Speaking of shops, I must describe in detail the wonderful pharmacy. Signor Cricelli held it among the sights of Catanzaro; this chemist's in the main street was one of the first places to which he guided me. And, indeed, the interior came as a surprise. Imagine a spacious shop, well proportioned, perfectly contrived, and throughout fitted with woodwork copies from the best examples of old Italian carving. Seeking pill or potion, one finds oneself in a museum of art, where it would be easy to spend an hour in studying the counter, the shelves, the ceiling. The chemists (two brothers, if I remember rightly) pointed out to me with legitimate pride all that they had done for the beautifying of their place of business; I shall not easily forget the glowing countenance, the moved voice, which betrayed their feelings as they led me hither and thither; for them and their enterprise I felt a hearty respect. When we had surveyed everything within doors I was asked to look at the mostra--the sign that hung over the entrance; a sort of griffin in wrought iron, this, too, copied from an old masterpiece, and reminding one of the fine ironwork which adorns the streets of Siena. Don Pasquale could not be satisfied until I had privately assured him of my genuine admiration. Was it, he asked, at all like a chemist's shop in London? My reply certainly gratified him, but I am afraid it did not increase his desire to visit England.
Whilst I was at the chemist's, there entered a number of peasants, whose appearance was so striking that I sought information about them. Don Pasquale called them "Greci"; they came from a mountain village where the dialect of the people is still a corrupt Greek. One would like to imagine that their origin dates back to the early Hellenic days, but it is assuredly much later. These villages may be a relic of the Byzantine conquest in the sixth century, when Southern Italy was, to a great extent, re peopled from the Eastern Empire, though another theory suggests that they were formed by immigrants from Greece at the time of the Turkish invasion. Each of the women had a baby hanging at her back, together with miscellaneous goods which she had purchased in the town: though so heavily burdened, they walked erect, and with the free step of mountaineers.
I could not have had a better opportunity than was afforded me on this day of observing the peasantry of the Catanzaro district. It was the feast of the Immaculate Conception, and from all around the country-folk thronged in pilgrimage to the church of the Immaculate; since earliest morning I had heard the note of bagpipes, which continued to sound before the street shrines all day long. Don Pasquale assured me that the festival had an importance in this region scarcely less than that of Christmas. At the hour of high mass I entered the sanctuary whither all were turning their steps; it was not easy to make a way beyond the portico, but when I had slowly pressed forward through the dense crowd, I found that the musical part of the service was being performed by a lively string-band, up in a gallery. For seats there was no room; a standing multitude filled the whole church before the altar, and the sound of gossiping voices at moments all but overcame that of the music. I know not at what point of the worship I chanced to be present; heat and intolerable odours soon drove me forth again, but I retained an impression of jollity, rather than of reverence. Those screaming and twanging instruments sounded much like an invitation to the dance, and all the faces about me were radiant with cheerfulness. Just such a throng, of course, attended upon the festival of god or goddess ere the old religion was transformed. Most of the Christian anniversaries have their origin in heathendom; the names have changed, but amid the unlettered worshippers there is little change of spirit; a tradition older than they can conceive rules their piety, and gives it whatever significance it may have in their simple lives.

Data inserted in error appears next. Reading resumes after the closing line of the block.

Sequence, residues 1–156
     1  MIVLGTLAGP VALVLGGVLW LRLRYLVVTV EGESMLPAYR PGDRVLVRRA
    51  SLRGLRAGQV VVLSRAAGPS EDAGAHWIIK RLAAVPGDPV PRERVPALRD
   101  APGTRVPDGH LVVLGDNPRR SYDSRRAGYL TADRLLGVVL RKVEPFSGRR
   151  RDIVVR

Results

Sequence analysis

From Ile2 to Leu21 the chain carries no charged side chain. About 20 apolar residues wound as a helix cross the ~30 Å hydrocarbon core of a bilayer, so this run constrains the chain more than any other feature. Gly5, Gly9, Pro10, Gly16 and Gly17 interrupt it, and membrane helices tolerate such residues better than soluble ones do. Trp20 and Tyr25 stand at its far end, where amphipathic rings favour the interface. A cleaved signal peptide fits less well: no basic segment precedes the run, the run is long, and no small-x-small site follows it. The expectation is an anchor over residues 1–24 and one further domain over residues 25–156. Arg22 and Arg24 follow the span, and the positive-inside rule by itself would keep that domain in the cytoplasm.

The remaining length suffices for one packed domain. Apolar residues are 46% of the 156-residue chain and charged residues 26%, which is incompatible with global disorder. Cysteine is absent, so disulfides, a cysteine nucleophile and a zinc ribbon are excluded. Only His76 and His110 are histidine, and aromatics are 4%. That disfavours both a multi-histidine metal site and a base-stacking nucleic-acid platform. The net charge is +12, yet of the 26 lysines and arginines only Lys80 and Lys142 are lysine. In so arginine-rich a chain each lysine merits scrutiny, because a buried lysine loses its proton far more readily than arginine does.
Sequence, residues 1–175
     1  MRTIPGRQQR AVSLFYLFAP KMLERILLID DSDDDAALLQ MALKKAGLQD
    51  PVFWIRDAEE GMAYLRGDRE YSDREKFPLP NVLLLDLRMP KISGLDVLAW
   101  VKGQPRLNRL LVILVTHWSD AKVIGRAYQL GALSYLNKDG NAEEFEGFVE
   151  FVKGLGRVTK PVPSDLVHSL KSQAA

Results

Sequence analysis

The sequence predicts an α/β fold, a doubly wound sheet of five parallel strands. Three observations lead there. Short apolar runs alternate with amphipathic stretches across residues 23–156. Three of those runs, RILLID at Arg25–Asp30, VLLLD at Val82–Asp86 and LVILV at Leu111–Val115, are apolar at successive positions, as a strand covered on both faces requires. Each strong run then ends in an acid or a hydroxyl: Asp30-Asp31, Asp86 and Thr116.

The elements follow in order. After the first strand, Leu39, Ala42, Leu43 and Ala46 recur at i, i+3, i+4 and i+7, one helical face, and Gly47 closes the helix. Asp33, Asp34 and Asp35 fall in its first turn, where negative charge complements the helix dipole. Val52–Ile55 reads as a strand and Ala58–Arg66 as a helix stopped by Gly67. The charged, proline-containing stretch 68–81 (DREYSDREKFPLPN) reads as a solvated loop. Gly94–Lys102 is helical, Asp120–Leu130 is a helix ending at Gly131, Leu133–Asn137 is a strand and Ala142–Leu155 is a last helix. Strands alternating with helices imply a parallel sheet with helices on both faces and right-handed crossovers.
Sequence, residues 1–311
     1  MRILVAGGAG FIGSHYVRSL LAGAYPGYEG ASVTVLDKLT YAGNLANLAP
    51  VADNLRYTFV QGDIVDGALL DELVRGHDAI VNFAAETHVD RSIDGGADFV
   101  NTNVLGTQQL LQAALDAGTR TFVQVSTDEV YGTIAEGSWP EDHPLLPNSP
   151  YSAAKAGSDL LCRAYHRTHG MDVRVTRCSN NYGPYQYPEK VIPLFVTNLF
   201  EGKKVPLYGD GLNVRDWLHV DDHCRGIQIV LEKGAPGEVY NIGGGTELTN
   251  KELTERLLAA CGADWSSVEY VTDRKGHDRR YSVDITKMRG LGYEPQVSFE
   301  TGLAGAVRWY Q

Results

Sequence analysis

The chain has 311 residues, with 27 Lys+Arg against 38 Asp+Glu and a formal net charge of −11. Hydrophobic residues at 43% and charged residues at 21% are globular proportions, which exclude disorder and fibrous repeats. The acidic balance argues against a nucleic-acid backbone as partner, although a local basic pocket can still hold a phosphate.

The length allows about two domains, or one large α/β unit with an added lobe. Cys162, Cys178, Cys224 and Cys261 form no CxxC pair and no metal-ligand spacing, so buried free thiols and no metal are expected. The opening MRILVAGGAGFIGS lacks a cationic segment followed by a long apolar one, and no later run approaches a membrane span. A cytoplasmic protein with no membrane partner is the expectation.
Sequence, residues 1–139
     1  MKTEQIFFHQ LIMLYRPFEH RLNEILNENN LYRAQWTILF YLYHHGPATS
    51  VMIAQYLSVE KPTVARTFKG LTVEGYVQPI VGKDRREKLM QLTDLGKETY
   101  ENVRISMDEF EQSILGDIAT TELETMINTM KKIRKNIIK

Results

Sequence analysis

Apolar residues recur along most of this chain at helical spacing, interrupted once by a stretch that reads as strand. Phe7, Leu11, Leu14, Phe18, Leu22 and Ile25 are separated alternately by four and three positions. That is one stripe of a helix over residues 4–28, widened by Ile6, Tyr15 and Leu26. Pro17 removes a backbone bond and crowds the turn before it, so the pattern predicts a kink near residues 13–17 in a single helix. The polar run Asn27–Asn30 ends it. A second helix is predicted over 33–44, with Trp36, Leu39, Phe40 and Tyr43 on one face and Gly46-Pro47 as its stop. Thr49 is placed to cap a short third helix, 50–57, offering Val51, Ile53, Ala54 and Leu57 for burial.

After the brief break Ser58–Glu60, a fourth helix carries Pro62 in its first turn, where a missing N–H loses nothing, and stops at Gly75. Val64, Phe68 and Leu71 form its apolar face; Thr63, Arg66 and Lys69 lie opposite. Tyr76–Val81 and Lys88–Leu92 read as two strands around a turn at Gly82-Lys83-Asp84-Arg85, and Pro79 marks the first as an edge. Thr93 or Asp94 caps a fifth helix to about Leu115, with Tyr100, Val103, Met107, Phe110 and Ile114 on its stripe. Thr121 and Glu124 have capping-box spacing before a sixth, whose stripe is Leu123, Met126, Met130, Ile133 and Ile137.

Many came from a great distance; at the entrance to the town were tethered innumerable mules and asses, awaiting the hour of return. Modern Catanzaro, which long ago lost its proper costume, was enlivened with brilliant colours; the country women, of course, adorned themselves, and their garb was that which had so much interested me when I first saw it in the public garden at Cosenza. Brilliant blue and scarlet were the prevailing tones; a good deal of fine embroidery caught the eye. In a few instances I noticed men wearing the true Calabrian hat--peaked, brigandesque--which is rapidly falling out of use. These people were, in general, good-looking; frequently I observed a very handsome face, and occasionally a countenance, male or female, of really heroic beauty. Though crowds wandered through the streets, there sounded no tumult; voices never rose above an ordinary pitch of conversation; the general bearing was dignified, and tended to gravity. One woman in particular held my attention, not because of any exceptional beauty, for, indeed, she had a hard, stern face, but owing to her demeanour. Unlike most of the peasant folk, she was bent on business; carrying upon her head a heavy pile of some ornamented fabric--shawls or something of the kind--she entered shops, and paused at house doors, in the endeavour to find purchasers. I watched her for a long time, hoping she might make a sale, but ever she was unsuccessful; for all that she bore herself with a dignity not easily surpassed. Each offer of her wares was made as if she conferred a graceful favour, and after each rejection she withdrew unabashed, outwardly unperturbed, seeming to take stately leave. Only her persistence showed how anxious she was to earn money; neither on her features nor in her voice appeared the least sign of peddling solicitude. I shall always remember that tall, hard-visaged woman, as she passed with firm step and nobly balanced figure about the streets of Catanzaro. To pity her would have been an insult. The glimpse I caught of her laborious life revealed to me something worthy of admiration; never had I seen a harassing form of discouragement so silently and strongly borne.